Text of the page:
5 MIN READ
How Hero Academy went big in China
Henry Fong, CEO of Chinese game publisher Yodo1, discusses the lengths that Hero Academy studio Robot Entertainment went to in order to make its game a commercial success in China.
Henry Fong is the CEO and founder of Yodo1, a Chinese game publisher that has helped Western companies like Robot Entertainment and Digital Chocolate localize and distribute games for the Chinese market. Hero Academy from Robot Entertainment is a huge hit with U.S. and European iOS gamers. But even though China was the second biggest market for Hero Academy by downloads, it was still only reaching a fraction of China's potential iOS audience. After partnering with Robot Entertainment to create and release a new Chinese version of the game, we went through Hero Academy point by point, and identified several likely problems it was having here:We also created a Hero Academy mini site on our consumer page, with game info, overview, customer service resources, and course, a link to the game’s App Store listing. We added a forum, so players could share game tips, talk smack with each other, and brag about their in-game upgrades (Chinese gamers love to do that). Since we wanted to give Hero Academy a AAA-style launch in China, we turned our Jiang Hu team into cosplay characters, and unleashed them on the China Joy conference -- sort of like the E3 of China.
We even created a wacky Chinese-language viral video around the game, sort of our own spin on the popular Dollar Shave Club ad from a few months ago.
OK, I'm not the best actor in the world, but the real goal here was to tell the Chinese audience that Hero Academy was a major title, with a huge marketing campaign behind it. To help us on that front, Robot Entertainment CEO Patrick Hudson flew out from Texas to join us for China Joy in Shanghai, and participate at local press appearances.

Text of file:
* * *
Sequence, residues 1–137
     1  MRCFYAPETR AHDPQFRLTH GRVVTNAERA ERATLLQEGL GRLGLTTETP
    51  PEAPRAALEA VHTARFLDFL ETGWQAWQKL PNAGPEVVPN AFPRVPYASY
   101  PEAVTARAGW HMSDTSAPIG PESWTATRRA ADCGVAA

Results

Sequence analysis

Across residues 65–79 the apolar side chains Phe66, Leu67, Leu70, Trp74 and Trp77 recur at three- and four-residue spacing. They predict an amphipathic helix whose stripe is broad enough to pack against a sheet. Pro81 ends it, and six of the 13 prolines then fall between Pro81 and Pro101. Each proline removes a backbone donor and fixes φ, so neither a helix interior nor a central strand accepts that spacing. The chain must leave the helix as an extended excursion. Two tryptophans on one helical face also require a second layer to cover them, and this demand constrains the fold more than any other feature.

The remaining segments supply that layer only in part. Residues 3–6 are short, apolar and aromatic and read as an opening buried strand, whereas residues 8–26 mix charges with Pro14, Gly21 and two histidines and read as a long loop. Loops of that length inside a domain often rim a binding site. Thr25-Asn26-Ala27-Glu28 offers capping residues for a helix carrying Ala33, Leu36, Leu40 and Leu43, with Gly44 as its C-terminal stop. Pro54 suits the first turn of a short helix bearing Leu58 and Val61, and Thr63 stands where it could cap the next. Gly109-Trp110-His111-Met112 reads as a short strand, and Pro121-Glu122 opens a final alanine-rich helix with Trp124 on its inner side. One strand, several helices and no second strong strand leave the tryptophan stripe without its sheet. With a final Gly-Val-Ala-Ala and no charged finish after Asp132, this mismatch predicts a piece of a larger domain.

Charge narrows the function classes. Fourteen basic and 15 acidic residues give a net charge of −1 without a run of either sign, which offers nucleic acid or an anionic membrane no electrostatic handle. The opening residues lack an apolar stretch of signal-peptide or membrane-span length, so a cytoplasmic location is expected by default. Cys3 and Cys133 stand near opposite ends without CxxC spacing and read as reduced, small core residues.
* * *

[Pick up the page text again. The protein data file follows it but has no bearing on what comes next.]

The overall results were hugely gratifying: Within 48 hours of launch, the Chinese version of Hero Academy made the Top 10 list in free games, and Top 25 iPhone apps overall. Even better, this new Chinese version of the game was downloaded more in its first 3 weeks on the market than the original, non-localized version attracted in its first 8 months in China.
"Western mobile game developers must recognize that China is a very unique market," as Hudson puts it to me now. "And, because of its size and growth, it needs a unique strategy and approach for success. You can’t expect your game to be accepted in China the same way it may be in the West."
We learned some lessons too: Though we originally thought the Jiang Hu heroic team would be a priority content update for the Chinese gamers, we quickly learned this wasn't the case, since all of the current Western teams (Council, Dark Elves, Dwarves and Tribes) were also viewed as new content by the Chinese players. And so instead of asking for a new Jiang Hu team, they wanted more features that let them compete and socialize with other players, such as leaderboards, leveling mechanics, and a quick game mode.
As the game continues gaining fans in China, we think they'll start embracing the Chinese heroes and the other new content that we're adding to the game. But it goes to show you how global the world of gaming has already become. And with just the right tweaks here and there, it's possible to get the East and West to love and play the same games.